By Mike Arnoldy
June 15th, 2011
As companies migrate from Enterprise to Financial Management, they face some new challenges with regard to data integrity. Financial Management, with its account and custom dimensions, creates millions of valid intersections—how many of you really want product detail for your cash accounts? Ensuring that data goes into the correct intersection out of all of these possibilities requires a mixture of design, security, education, and ultimately, trust.
From a design perspective, each account has an attribute that allows the valid top member of each custom dimension to be designated. A parent member in the custom dimension is designated to be the valid top member for that dimension, and all members below that parent are valid with that account. An example would be setting the product dimension detail to only be valid for revenue accounts. This is easy to implement, but it may not be as granular as some companies would like. I generally find this is a good initial step to define ‘valid intersection.’ Another aspect of design would be to include audit reports in your application. These reports look at intersections that really should not have data and are used to identify incorrect entries. Reviewing these reports is then included as a step in the close process.
A second option is to use security. First, security should be set so that users cannot enter data into a data grid. With this secured, data forms can be used to direct exactly where users can input data. The forms are built with the correct combinations of accounts and the custom dimensions to help ensure the data goes to the correct intersections. I have also seen applications where security classes are applied to provide some restrictions on what member of a custom dimension is used. This is typically done on a custom dimension that gives visibility to where data originates such as the G/L load, manual input or a journal adjustment. Using the security classes can be tricky and provides limited results.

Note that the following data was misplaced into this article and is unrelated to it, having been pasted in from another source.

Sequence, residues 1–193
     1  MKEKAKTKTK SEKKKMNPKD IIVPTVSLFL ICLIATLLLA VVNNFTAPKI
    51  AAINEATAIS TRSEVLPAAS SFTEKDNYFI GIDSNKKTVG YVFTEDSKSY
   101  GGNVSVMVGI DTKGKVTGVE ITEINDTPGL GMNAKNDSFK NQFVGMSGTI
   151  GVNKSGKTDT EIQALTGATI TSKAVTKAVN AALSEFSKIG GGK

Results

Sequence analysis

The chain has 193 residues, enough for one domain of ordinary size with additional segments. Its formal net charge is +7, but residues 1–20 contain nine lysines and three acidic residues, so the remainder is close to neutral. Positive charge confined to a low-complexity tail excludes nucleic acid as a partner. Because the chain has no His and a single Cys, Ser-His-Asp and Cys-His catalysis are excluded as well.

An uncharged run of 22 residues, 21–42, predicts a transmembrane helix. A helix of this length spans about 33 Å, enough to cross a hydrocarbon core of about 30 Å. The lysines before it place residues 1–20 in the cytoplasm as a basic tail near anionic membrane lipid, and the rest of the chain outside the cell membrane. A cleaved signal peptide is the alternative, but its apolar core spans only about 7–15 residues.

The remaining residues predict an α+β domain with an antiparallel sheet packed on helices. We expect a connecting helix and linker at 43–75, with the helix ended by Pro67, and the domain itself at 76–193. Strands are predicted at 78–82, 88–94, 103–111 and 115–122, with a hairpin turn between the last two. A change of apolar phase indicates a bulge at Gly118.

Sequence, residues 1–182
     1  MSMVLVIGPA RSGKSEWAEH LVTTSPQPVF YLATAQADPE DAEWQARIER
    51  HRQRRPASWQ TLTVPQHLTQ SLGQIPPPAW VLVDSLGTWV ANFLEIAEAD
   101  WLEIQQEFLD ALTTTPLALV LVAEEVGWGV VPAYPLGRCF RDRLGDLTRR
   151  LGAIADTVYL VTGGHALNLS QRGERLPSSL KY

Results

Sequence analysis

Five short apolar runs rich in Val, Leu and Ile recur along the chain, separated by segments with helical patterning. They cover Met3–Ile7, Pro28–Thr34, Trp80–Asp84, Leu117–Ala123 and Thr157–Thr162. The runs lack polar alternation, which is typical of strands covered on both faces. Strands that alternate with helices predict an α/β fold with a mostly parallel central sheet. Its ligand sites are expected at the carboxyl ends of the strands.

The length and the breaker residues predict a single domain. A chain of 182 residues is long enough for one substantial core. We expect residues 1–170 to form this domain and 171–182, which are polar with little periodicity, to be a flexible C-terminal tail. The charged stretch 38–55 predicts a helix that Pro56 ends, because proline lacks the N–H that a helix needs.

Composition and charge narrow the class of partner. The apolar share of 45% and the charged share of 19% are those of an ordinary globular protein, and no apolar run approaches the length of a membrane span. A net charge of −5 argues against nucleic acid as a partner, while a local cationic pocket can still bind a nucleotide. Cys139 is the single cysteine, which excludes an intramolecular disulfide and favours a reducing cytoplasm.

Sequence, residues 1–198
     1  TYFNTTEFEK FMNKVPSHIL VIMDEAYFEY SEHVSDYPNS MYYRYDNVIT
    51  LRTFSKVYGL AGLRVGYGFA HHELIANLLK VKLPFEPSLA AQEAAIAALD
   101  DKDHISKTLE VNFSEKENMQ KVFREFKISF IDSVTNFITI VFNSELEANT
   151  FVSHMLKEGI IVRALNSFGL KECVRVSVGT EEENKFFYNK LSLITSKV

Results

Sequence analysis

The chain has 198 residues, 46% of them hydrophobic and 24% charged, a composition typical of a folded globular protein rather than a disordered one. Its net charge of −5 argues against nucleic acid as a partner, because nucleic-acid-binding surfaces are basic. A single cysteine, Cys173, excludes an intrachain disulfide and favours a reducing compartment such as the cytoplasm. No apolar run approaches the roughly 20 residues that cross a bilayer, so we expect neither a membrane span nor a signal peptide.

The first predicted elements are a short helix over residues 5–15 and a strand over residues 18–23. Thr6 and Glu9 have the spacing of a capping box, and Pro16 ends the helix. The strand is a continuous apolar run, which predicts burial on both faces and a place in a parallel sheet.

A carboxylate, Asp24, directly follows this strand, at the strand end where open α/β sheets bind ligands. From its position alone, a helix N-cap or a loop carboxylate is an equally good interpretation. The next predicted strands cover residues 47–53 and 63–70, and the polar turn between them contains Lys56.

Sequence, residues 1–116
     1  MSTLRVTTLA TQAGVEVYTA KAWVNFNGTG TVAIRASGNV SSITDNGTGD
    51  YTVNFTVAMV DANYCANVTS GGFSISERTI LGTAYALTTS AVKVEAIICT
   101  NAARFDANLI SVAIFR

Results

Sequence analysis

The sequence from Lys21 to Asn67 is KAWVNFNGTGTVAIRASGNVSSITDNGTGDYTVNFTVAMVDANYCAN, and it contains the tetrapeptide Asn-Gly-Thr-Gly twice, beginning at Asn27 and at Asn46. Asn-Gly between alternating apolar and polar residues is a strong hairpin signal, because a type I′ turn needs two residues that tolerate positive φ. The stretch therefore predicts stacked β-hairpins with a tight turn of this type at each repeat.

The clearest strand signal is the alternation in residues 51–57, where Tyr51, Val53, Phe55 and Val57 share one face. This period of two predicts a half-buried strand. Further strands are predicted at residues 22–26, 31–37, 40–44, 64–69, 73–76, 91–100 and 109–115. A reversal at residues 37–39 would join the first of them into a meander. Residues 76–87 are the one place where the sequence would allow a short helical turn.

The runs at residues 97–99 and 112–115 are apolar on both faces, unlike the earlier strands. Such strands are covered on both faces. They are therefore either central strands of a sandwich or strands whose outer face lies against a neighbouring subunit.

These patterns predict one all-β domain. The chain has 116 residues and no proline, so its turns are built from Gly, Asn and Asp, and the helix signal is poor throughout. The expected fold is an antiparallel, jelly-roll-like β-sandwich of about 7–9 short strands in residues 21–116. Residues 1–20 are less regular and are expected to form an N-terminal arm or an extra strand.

Another option is to use the No Input rules. The No Input rules allow specific intersections of the dimensions to be defined as no input or invalid. An example might be that <Entity Curr Adjs> is not valid with the G/L load and manual input members of a custom dimension. No Input rules can also be developed referencing the user defined fields on dimension members. No Input rules allow for a very granular level of restriction to be developed. A word of caution though: I have seen very detailed No Input rules developed, and the corresponding rules file took over 15 minutes to load. Likewise, after a server reboot, the first user login took over 15 minutes. This is because the No Input intersections are loaded into memory when the rules are loaded or the application is started on the server, so there are some performance considerations. I have also seen clients using extensive No Input rules have to load a blank rules file to be able to turn off the rules so they can perform maintenance or restatements of prior periods. I generally use No Input rules sparingly, if at all.
The last option is a combination of education and trust. Users should be properly trained on the application. This includes how the accounts and custom dimensions are related and what the valid combinations are. There should be a detailed review of each dimension, the different members and what those members represent. When I have conducted end-user training, throughout the class, I ask questions about what custom members are valid with what accounts. By the end of the training, everyone knows the answers. And finally, let’s not forget that the users are generally well educated accountants that we trust to prepare our financial statements. You should not have to build an application that prevents every possible error they might make. You have to trust these users to do their job.
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Tags: Enterprise Performance Management, EPM, HFM, Hyperion Enterprise, Hyperion Financial Management, Oracle Hyperion, Oracle Hyperion 220.127.116.11, TopDown Consulting